What Women Need: Addressing Gender and SRHR Needs in the SDGs and 2015 New Climate Agreement

November 27, 2015 CC PP pic

As the world continues to experience the adverse effects of climate change, especially in Asia-Pacific, its interlinkages with sexual and reproductive health and rights (SRHR) is an increasingly visible and urgent issue that needs to be addressed in the context of sustainable development and climate change policy. The Asian-Pacific Resource and Research Centre for Women (ARROW), together with our regional partners from Bangladesh, Indonesia, Lao PDR, Malaysia, Maldives, Nepal, Pakistan, and the Philippines, call for the new Sustainable Development Goals (SDGs) and the 2015 New Climate Agreement to be cognizant of the interlinkages of climate change and women’s SRHR and ensure universal access to SRHR. Overall, the SDGs and 2015 new Climate Agreement should eliminate social, political and economic barriers to women’s human rights[1] and ensure gender equality and full participation of women in climate c hange processes[2]. The SDGs and 2015 New Climate Agreement must ensure that women are equal partners in building resilient communities and tackling challenges brought on by climate change.

Interlinkages of climate change, gender and SRHR

Climate change will affect every person from every region of the world, but not unilaterally. The most marginalized, such as women, children, the elderly, the poor and disabled, are the most vulnerable to its impacts. In particular, the Asia-Pacific region faces disproportionate vulnerability because of its location, high population, high rates of poverty, and dependence on agriculture and fisheries for sustenance[3]. Climate change affects women’s health in numerous ways, which vary from the day to day increased burden of feeding families and caring for the sick, to the extreme threats during disasters such as being unable to swim in a flood, and drowning. These effects are uniquely felt by women, as their gendered roles and responsibilities become more difficult, and they often lack the survival skills that their male counterparts have. Whether it is rates of violence against women increasing post disaster situations in Bangladesh, or food shortages that disproportionately affect rural women in Nepal, it is clear that women and their SRHR needs are being threatened and forgotten in climate change policies. ARROW’s partners from their community experiences are reporting increasing difficulty in accessing sexual and reproductive health (SRH) services, and are able to correlate this to the compounding effects from climate change. These experiences, correlations and interlinkages must be recognized in policy, mitigation, and adaptation strategies.

Resilience and adaptive capacity to climate-related hazards and natural disasters

The most vulnerable countries and communities are in the greatest need of adaptation strategies and resources[4]. While women are disproportionately vulnerable, and are at the forefront of climate change’s effects, they are also valuable and capable agents of change in addressing the changes brought about by climate change. As key actors, their SRHR must be addressed to ensure that they can demonstrate the resiliency needed in the adaptation and mitigation of climate changes effects[5].

Integrating climate change measures into national policies, strategies and plans

National policies, strategies, and plans that look at the issues of climate change and SRHR need to be integrated to achieve sustainable development. In developing countries, policies and commitments addressing climate change, gender equality, and universal access to SRHR are not coherent[6]. Even though women have been found to be disproportionately vulnerable to climate change related disasters, in many countries, such as Laos and Indonesia, policy as well as national and local responses to climate change are not rights based or gender sensitive [7],[8]. To enable this, various stakeholders, including women, lack awareness of climate change in general, and how it influences their SRHR. These findings tell us that government bodies working on the issues of climate change and SRHR must work together to ensure that the challenges are addressed holistically. An integrated approach is needed and the role of civil society, academia and other sectors are important in the efforts to address the interlinkages of climate change, gender and SRHR. Climate change related measures should protect human rights for all, including SRHR. National adaptation plans must also be gender responsive, participatory and fully transparent[9].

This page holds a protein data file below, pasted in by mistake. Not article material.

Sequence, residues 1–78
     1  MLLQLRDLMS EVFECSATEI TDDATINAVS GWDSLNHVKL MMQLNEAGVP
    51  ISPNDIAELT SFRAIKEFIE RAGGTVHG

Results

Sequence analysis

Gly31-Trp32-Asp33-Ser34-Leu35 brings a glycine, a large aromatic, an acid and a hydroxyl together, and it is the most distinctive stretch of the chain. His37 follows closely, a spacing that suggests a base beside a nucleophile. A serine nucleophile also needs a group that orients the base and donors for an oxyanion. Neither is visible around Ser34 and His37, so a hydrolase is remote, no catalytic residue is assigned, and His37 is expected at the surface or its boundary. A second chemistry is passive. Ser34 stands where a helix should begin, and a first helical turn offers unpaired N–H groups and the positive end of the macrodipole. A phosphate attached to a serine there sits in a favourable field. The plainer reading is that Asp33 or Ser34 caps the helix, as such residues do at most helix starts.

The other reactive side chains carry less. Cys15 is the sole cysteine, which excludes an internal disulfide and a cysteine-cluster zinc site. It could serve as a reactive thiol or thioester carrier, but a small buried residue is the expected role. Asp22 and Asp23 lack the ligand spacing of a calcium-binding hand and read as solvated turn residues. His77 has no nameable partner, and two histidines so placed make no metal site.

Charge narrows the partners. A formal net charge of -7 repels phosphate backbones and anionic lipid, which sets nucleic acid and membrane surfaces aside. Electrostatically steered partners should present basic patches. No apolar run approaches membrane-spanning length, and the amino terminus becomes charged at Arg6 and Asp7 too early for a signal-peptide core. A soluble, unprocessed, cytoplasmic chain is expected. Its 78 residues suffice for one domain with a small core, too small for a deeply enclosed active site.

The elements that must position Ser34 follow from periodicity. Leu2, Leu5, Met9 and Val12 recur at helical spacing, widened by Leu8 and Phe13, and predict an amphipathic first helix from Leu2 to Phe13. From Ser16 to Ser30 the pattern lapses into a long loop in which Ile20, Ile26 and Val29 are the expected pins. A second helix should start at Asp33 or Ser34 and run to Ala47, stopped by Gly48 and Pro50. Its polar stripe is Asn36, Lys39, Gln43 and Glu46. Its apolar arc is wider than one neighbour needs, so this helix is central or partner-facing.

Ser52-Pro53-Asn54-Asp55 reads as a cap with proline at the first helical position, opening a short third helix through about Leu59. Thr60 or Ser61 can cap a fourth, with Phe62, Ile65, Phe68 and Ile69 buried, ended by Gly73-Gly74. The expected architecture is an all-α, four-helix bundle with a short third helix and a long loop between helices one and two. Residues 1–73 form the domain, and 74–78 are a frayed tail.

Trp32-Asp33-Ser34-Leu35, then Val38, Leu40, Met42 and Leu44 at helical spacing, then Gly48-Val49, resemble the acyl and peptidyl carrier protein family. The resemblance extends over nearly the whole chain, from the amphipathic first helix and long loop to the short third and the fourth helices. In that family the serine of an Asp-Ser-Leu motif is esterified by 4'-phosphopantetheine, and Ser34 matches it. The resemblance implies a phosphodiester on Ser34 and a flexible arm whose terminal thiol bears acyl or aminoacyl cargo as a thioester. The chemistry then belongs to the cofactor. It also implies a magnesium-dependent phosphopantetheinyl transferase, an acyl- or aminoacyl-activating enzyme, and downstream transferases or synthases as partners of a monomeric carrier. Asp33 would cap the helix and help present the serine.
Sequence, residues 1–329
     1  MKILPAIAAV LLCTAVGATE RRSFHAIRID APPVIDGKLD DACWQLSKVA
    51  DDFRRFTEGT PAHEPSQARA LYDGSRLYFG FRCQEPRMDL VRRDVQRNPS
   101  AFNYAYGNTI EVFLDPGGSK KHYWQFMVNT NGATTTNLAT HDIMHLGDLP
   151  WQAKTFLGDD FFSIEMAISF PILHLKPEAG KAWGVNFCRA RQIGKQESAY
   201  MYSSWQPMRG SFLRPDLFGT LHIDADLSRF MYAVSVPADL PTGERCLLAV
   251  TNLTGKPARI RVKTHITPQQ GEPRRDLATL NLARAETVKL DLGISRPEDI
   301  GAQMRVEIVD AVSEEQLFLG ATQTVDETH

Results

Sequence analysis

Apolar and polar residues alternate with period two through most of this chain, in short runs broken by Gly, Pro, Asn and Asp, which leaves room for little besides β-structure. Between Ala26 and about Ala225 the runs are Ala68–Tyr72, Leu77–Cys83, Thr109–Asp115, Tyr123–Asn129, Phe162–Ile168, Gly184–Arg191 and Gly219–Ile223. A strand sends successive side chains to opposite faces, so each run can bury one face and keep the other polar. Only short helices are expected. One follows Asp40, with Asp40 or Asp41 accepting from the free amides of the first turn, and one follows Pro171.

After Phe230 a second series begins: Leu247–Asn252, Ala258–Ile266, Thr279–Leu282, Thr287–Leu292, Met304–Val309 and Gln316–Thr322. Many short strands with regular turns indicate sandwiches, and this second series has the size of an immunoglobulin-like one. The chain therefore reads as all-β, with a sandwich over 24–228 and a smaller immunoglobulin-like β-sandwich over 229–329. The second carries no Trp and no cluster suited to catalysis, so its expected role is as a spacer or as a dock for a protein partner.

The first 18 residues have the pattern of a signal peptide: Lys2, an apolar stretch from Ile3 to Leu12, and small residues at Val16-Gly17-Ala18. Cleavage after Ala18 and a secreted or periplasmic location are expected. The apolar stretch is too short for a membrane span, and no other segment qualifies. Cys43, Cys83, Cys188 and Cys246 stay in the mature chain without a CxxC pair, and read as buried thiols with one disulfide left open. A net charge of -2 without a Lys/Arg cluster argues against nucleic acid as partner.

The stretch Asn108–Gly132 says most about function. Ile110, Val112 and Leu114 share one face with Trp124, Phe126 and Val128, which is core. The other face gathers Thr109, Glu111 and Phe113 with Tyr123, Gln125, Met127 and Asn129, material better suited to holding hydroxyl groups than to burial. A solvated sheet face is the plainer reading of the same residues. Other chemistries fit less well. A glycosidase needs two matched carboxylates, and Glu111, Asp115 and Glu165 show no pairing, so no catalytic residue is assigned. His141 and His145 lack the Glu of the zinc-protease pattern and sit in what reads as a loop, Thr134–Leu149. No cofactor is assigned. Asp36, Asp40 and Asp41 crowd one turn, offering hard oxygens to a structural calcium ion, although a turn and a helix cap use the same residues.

Education, awareness-raising and human and institutional capacity on climate change mitigation, adaptation, impact reduction and early warning

Everyone has a role to play towards achieving climate change resiliency and sustainable development. Governments, civil society, academia, and other sectors should work together in helping communities address the impact of climate change. Awareness raising on the interlinking issues should be mainstreamed towards achieving informed communities, who are ready to face the uncertainties created by climate change. The access to education and information should also be available to marginalised groups, who are the most vulnerable to climate change. In a study in Sarawak, Malaysia that focuses on indigenous women, findings show that rural women do not have access to SRH information and services and there are inequalities in terms of accessibility and quality[10]. These findings reflect the Asian landscape, and are only exacerbated in times of extreme weather and climate change disasters. The leadership and participation of women, whether rural, indigenous, farmers or fishers, must be recognised and supported in decision making processes. In order to increase their capacity for participation, women should have access to information and education on climate change. There’s also a need to enhance community disaster preparedness and resilience, especially that of women. This integrated approach will create synergies that collectively addresses the impact of climate change while ensuring gender equality and fulfilling SRHR[11]. Together with education, good governance is a requirement in climate change mitigation, adaptation, impact reduction and early warning. In both national and local levels, this requires institutional capacities to implement and mobilise integrated actions that are accountable, transparent and participatory.